Saul's daughter Michal was in love with David. When Saul found out, he decided again to kill David with subtlety. He offered Michal to David in marriage, provided David would kill 100 Philistines. Saul, of course, hoped David would die trying. David was so thrilled with this opportunity to become the king's son-in-law that he killed 200.

Finally, Saul decided his plots weren't working, and he had to resort to outright murder. He ordered his top men to hunt David down and kill him. However, Saul's son Jonathan, who was a war hero in his own right, had developed a wonderful friendship with David the giant-slayer. Jonathan argued David's case with Saul, and convinced him — for the moment, at least.

Again Saul became depressed, and again David played the harp for him. And again, Saul threw his spear, and David narrowly dodged. David finally decided he wasn't safe, and left town that night.

This opinion was confirmed with the help of David's best friend Jonathan, who confronted Saul and pled David's case, as he had once before. This time, though, Saul became enraged and hurled his spear to kill Jonathan. Jonathan had previously defended his father's motives, but this convinced him of his evil intentions toward David. He told David about it, and David went into hiding.
Source: 1 Samuel 18 - 20
David in Exile

On the lam and lacking supplies, David also didn't want to implicate anyone for helping a fugitive. Where could he run? He decided to visit the high priest, who would be above suspicion. He left immediately, so he would be sure to arrive before any messenger. The priest was suspicious, but David was able to calm his fears and obtain food and a sword.

Unfortunately, when King Saul found out about this, his paranoia overruled his intelligence. He executed not only this priest, but all the priests and their families as traitors. Only one man escaped — the high priest's son Abiathar. The high priesthood was handed down from father to son, and so Abiathar now became the high priest. But he was a wanted man, and so he fled to join David, another wanted man.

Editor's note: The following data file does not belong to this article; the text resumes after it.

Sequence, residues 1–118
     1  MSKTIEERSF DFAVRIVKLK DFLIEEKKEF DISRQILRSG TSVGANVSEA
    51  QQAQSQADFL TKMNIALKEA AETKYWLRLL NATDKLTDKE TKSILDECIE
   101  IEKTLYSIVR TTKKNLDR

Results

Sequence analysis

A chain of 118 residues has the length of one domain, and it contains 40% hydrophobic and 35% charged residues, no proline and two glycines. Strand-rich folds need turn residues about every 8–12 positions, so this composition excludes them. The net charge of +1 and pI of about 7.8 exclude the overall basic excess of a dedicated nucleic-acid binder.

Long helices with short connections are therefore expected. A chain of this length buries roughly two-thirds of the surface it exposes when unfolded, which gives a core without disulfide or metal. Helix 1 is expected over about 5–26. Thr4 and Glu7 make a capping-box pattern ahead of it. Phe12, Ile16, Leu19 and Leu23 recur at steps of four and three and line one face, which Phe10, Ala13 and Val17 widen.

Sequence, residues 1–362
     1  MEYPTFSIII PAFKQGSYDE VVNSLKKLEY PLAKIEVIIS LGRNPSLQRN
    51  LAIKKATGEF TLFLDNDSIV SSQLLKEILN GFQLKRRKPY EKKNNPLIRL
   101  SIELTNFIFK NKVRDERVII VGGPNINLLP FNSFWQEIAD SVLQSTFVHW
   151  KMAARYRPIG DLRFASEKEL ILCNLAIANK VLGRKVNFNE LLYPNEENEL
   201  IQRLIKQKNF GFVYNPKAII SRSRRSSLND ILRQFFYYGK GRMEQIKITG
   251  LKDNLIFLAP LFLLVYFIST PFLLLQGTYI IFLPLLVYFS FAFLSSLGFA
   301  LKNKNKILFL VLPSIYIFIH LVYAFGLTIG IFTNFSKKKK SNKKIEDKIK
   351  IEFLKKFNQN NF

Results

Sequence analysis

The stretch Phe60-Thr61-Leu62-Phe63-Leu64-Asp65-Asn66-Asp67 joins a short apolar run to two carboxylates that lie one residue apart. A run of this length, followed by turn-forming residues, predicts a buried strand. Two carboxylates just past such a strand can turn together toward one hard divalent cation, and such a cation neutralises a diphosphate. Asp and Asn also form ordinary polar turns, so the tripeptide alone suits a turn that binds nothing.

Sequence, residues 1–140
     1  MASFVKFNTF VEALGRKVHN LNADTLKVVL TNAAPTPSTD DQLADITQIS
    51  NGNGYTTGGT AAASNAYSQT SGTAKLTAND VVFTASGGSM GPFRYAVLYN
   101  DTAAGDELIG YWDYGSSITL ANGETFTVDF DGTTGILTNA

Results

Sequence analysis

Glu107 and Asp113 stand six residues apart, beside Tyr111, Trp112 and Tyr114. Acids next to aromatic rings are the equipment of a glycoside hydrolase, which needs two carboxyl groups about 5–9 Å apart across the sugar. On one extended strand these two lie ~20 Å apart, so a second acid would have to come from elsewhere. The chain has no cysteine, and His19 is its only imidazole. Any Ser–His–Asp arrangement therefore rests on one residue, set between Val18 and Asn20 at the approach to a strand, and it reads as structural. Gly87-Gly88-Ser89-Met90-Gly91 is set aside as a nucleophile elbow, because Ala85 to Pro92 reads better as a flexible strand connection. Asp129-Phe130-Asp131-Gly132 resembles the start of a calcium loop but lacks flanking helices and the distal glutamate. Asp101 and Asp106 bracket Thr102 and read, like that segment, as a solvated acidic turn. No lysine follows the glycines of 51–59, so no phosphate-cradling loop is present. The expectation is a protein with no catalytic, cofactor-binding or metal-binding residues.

This event figured heavily into Saul's downfall and David's rise. In those days, a priest could ask God a question and God would answer. Saul no longer had a priest, having murdered them all. But now David had a priest — and he used him often to inquire of the LORD, obtaining excellent advice from God.

David placed his parents in asylum with distant relatives in neighboring Moab, lest irrational Saul kill them as traitors. Other relatives stayed with David as he fled.

David's first instinct was to leave Israel and defect to the Philistines. But when he made his appeal to the Philistine King Achish, his advisors remembered the song, “David has slain his ten thousands” — of Philistines, that is — and they advised Achish to kill him. Realizing his danger, David feigned insanity in the presence of superstitious Achish, who hurried David away, exclaiming to his men, “Did you bring him here because I have a shortage of madmen?” Once again, David narrowly escaped death.